Submitted by Marc Bell, Editor

Copyright 1997 IEEE. Reprinted with permission from the IEEE publication, “Scanning the Past” which covers a reprint of an article appearing in the Proceedings of the IEEE Vol. 85, No. 11, November 1997.

Edward W. Herold: A Leader in the Development of Color Television

Sixty years ago this month, the proceedings of the institute of radio engineers (IRE) included a paper by Edward W. Herold (Fig. 1) on an application of negative resistance in vacuum-tube circuits. At the time, he was a research engineer at the Radio Corporation of America (RCA), where he worked for approximately 36 years. He received the IEEE Founder’s Medal in 1976 as recognition for his outstanding contributions to the electrical engineer­ing profession, including his leadership in the development of the shadow-mask picture tube for color television.

Herold was born in New York City in 1907, and devel­oped an early interest in amateur radio. He worked as a technical assistant in the Engineering Department of the Western Electric Company in 1924-1925, and at the Bell Telephone Laboratories in 1925-1926. Early in 1927, he became a vacuum-tube tester at the E. T. Cunningham Company, known for the high quality of its electronic tubes, and he continued to work there during summer vacations as an undergraduate. He received the degree in physics from the University of Virginia in 1930 and the M.S. degree from the Polytechnic Institute of Brooklyn in 1942.

Herold joined an advanced development group at the Radiotron subsidiary of RCA in July 1930, where his group was responsible for the development of new types of vacuum tubes suitable for radio applications. One of his first projects was an investigation of secondary emission in screen-grid tubes (tetrodes), and his first patent application, filed in 1932, concerned a method to suppress secondary emission (Fig. 2). This invention was utilized in the Type 48 power tetrode, and the related research was reported in his first IRE paper, published in the October 1935 proceedings, on the subject of “negative resistance and devices for obtaining it.” During the 1930’s, he also con­tributed to improvements and applications of pentode power amplifiers and the pentagrid converter tube. He also worked on wide-band amplifiers suitable for television receivers and designed and built a home television receiver in time to pick up broadcasts originating at the 1939 World’s Fair. He published a paper in 1940 in the RCA Review on converters for television receivers.

Herold joined the newly established RCA Laboratories in Princeton, NJ, in 1942. He published a comprehensive IRE paper on frequency converters and mixers in February

1942 and was coauthor with L. Malter of a series of IRE papers on radio reception at ultrahigh frequencies, published during 1943. Herold was elected a fellow of the IRE in 1948 for his contributions to the theory and design of vacuum tubes.

By 1949, it became evident to proponents of color television that a critical problem was the lack of a color picture tube suitable for compatibility with existing black-and-white television. Consequently, top management at RCA decided in September 1949 to launch a crash program involving several teams to attempt to produce a solution to the problem. Herold was given overall responsibility for organizing and directing the company-wide effort. One of the RCA researchers, H. B. Law, made a key invention involving a photolithographic technique that enabled fab­rication of the so-called shadow-mask picture tube. RCA gave a public demonstration of a prototype shadow-mask tube in March 1950 and began manufacture of the tubes in 1951.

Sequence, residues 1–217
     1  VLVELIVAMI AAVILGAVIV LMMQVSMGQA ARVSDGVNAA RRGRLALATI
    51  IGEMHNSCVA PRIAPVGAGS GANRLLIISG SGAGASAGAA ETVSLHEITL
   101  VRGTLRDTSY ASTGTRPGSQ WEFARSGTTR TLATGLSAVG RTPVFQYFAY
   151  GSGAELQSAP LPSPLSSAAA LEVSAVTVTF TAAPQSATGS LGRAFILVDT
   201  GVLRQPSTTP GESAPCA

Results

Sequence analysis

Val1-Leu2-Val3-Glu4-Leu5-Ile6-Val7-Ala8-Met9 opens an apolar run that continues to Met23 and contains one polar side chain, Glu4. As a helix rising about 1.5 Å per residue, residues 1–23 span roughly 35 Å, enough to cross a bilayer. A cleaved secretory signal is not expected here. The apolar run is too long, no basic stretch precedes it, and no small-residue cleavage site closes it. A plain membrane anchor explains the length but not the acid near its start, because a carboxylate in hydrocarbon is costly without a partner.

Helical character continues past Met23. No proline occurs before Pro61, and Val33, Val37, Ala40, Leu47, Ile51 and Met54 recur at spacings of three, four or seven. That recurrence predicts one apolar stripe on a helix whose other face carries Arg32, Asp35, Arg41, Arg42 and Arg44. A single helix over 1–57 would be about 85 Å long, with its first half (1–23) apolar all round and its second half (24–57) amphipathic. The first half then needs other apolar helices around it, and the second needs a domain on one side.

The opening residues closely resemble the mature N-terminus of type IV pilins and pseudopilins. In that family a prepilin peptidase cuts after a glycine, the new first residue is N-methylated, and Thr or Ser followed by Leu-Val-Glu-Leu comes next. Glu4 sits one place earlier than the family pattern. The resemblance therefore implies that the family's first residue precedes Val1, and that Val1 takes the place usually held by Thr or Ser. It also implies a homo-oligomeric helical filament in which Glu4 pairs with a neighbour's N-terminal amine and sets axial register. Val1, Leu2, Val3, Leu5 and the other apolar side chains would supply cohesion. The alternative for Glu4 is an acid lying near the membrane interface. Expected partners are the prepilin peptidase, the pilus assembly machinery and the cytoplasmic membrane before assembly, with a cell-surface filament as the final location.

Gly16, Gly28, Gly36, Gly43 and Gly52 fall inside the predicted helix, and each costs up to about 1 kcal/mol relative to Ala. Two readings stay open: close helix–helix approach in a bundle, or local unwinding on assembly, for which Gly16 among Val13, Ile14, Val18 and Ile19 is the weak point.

A special theme issue of the proceedings of the IRE published in October 1951 featured 11 papers by RCA participants in the crash research program. Included were Law’s paper, “A Three-Gun Shadow-Mask Color

Kinescope,” and Herold’s paper, “Methods Suitable for Television Color Kinescopes.” In a retrospective article on the history of color television displays published in the proceedings of the IEEE in September 1976, Herold characterized the shadow-mask color tube as “one of the most dramatic and important developments of the past quarter century.” (See Figs. 3-5.)





Herold left RCA in 1959 to become a vice president of research at Varian Associates in Palo Alto, CA. He returned to RCA in 1965, where he was director of technology at the David Sarnoff Research Laboratories until his retirement in 1972. Following his retirement, he engaged in private consulting and served as chairman of the board of the Palisades Institute for Research Services. He also served as chairman of an IEEE planning committee assigned to identify areas neglected by the IEEE and served on the Editorial Board of IEEE SPECTRUM. He exhibited an avid interest in electrical engineering history and served on the IEEE History Committee for several years in the 1980’s. He died in June 1993 at age 85.

James E. Brittain